How Boeing 747 and Antonov An-124 Freighters Carry the World’s Most Demanding Cargo
Improved operating economics and new technology has given freight operators the potential to boost yields. CargoLogicAir claims that its new Boeing 747-8 freighter – powered by four of General Electric’s GEnx-2B67 – gives it the lowest unit cost in the marketplace. The U.K.-based operator is flying the widebody jets at least fifteen hours each day, and just about anywhere around the globe.
The strategy to boost the profitability of freight operations also involves carrying a better class of cargo. And that means fitting out the aircraft to be able to accomodate goods that can be as demanding as any first class passenger.
For instance, by fitting the 747s with temperature and humidity controlled containers, CargoLogicAir can carry sensitive pharmaceuticals or electronics. Other parts of the aircraft are specially modified to carry odd-sized bits of high value hardware, such as equipment for the oil and gas industry or vehicles.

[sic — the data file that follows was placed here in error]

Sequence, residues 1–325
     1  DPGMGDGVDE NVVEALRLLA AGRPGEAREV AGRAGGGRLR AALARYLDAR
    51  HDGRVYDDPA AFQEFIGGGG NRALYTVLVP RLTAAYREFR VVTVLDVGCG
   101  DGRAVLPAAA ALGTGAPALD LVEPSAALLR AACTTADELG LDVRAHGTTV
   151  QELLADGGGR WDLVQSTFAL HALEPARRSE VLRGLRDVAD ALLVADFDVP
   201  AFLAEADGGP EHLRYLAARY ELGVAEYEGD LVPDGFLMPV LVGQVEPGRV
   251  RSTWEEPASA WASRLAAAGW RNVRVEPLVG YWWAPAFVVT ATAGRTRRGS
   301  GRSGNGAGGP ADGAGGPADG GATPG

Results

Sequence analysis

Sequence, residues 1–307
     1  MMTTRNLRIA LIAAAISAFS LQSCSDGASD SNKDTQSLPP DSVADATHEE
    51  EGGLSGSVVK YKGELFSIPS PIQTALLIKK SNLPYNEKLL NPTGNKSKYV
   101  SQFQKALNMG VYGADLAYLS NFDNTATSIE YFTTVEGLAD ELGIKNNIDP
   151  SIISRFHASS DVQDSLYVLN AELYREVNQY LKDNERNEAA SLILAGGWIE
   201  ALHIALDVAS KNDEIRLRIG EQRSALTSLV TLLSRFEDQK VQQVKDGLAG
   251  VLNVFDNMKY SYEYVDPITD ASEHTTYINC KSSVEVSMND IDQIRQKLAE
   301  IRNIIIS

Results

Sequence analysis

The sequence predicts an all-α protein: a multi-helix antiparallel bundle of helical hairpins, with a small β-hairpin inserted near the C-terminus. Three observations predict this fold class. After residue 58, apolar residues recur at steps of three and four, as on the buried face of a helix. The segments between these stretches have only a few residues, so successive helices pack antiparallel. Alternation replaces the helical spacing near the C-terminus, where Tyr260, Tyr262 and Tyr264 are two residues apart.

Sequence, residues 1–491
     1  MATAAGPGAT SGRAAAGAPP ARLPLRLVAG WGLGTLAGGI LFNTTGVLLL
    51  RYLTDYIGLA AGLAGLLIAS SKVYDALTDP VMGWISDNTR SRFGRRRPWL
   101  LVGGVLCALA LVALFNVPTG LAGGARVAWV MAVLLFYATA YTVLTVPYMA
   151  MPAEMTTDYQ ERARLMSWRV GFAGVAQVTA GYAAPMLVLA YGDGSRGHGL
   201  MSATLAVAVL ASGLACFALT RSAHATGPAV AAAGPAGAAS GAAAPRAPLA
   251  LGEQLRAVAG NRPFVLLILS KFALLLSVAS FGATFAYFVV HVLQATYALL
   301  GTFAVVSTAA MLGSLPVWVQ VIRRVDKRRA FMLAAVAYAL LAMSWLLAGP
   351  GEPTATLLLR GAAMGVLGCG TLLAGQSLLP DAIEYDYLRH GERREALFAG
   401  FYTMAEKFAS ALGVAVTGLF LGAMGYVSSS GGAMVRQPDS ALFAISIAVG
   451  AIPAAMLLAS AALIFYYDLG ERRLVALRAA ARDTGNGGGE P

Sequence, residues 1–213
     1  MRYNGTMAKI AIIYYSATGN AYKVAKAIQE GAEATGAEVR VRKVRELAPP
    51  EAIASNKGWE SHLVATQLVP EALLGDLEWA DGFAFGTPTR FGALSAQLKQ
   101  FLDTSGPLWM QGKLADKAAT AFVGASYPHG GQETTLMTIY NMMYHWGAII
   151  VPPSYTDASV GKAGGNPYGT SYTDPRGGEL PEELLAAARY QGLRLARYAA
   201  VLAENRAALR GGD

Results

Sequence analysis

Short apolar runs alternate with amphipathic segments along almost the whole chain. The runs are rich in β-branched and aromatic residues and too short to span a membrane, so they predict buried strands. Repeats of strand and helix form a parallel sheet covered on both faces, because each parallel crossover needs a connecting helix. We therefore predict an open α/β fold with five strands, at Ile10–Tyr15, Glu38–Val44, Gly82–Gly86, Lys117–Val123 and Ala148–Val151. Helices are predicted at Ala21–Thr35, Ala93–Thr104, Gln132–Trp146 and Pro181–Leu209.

CargoLogicAir’s Russian partner Volga-Dnepr airlines is taking a similar approach to boosting revenues. Its Antonov AN-124-100 freighters offer flexible loading options, such as ground-level loading doors. This gives the operator a commercial advantage in being able to serve clients at airports that have very limited ground support infrastructure.
With a maximum payload of 139 metric tons, the Boeing 747-8F lays claim to offering the heaviest lift capability in the air freight market, but the An-124-100 is no slouch with a payload of up to 120 metric tons.
Between now and 2035, Boeing believes the global market will have a demand for around 550 new widebody freighters – almost one quarter of what it sees as the total air cargo aircraft market over this period of 2,370 units.